An ethnobotanical survey revealed that a diverse range of medicinal plants are being used to treat the disease in many ethnic societies around the world, with S. incanum L. being one of these plants in Ethiopian folkloric medicine [8]. Among these, a number of medicinal plants, including Allium sativum, Aloe vera, Coccinia indica, Eugenia jambolana, Falcaria vulgaris, Calpurnia aurea, Hagenia abyssinica, and Stevia rebaudiana, have been thoroughly studied for their antidiabetic efficacy [911]. To date, however, there has been no scientific validation of the therapeutic potential and safety profile of the root of Solanum incanum L.

Solanum incanum L., also known as Sodom or bitter apple (in English), is a member of the Solanaceae family that grows in many parts of Africa, the Middle East, and Far East Asia. It is a perennial shrub-like herb with small prickles on the leaves and stems that can grow up to 1.8 meters. When ripe, the fruits are small berries that measure 2–3 cm in diameter and are yellowish orange or brown in color [12, 13]. It is a very common shrub in Ethiopia, where it can be found on abandoned agricultural lands, along roadsides, and in village yards. The plant has several local names in Ethiopia: Embuay (in Amharic) and Hiddii (in Oromifa) [13].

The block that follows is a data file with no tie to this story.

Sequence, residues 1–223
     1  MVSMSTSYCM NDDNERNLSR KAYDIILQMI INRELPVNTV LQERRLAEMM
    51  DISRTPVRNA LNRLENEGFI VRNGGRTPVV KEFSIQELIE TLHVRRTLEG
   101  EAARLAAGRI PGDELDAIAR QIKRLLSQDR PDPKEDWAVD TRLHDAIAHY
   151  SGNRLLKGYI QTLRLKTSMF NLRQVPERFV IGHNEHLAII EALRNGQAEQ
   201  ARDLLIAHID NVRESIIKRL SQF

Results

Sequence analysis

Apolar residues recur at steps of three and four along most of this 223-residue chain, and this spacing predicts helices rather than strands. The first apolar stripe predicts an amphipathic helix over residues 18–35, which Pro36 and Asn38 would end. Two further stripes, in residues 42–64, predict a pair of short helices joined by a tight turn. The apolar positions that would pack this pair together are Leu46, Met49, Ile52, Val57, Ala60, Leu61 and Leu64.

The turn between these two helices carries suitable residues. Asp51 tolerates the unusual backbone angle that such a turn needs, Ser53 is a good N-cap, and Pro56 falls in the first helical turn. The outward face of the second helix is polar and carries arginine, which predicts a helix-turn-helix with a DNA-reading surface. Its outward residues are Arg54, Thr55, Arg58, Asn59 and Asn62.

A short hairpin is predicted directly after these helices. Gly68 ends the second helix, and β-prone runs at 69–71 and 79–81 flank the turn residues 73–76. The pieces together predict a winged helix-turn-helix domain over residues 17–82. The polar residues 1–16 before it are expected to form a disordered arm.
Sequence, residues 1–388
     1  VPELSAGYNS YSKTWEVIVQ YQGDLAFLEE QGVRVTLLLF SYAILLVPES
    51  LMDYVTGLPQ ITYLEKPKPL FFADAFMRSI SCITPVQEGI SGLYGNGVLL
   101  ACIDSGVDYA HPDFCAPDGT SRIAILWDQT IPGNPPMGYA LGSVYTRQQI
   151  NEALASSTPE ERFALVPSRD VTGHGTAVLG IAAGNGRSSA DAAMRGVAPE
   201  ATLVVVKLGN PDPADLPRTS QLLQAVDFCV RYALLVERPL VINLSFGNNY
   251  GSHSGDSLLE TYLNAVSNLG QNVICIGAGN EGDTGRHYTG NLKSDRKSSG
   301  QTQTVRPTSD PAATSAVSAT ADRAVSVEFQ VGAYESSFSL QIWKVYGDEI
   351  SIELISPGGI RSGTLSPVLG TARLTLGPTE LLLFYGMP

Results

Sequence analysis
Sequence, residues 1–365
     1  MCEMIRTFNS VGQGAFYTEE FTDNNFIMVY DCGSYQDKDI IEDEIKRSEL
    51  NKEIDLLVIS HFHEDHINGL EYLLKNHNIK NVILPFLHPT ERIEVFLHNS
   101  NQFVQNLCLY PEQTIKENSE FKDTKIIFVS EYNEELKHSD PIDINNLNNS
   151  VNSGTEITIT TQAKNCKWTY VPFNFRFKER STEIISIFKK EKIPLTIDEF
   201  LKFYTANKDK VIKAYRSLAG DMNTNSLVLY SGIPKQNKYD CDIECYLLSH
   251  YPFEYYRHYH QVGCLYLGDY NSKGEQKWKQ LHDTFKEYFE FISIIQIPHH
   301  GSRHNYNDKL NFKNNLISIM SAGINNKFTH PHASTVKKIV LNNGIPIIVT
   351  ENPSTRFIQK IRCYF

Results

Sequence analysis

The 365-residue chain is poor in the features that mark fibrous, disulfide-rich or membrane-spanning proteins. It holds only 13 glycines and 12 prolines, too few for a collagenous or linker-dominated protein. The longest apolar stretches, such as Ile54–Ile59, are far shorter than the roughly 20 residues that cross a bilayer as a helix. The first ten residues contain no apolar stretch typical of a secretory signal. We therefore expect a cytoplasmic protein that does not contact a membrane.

Traditionally, various parts of the plant have been used to treat a number of diseases. Aliments like angina, stomachaches, colic, headaches, and fever are relieved with the root segment of the plant. Other medicinal uses include relieving pain in patients with menstruation, liver disease, onchocerciasis, pleurisy, pneumonia, and rheumatism [14]. Other plant parts are also commonly used to treat a wide range of dermatological problems, including ringworm, burns, sores, rashes, wounds, warts, carbuncles, inflammations, and benign tumors [15]. In the Libo Kemkem district, in the Amhara region of Ethiopia, it is claimed that the root part chewed and then taken as a juice has been used to treat diabetes mellitus [8].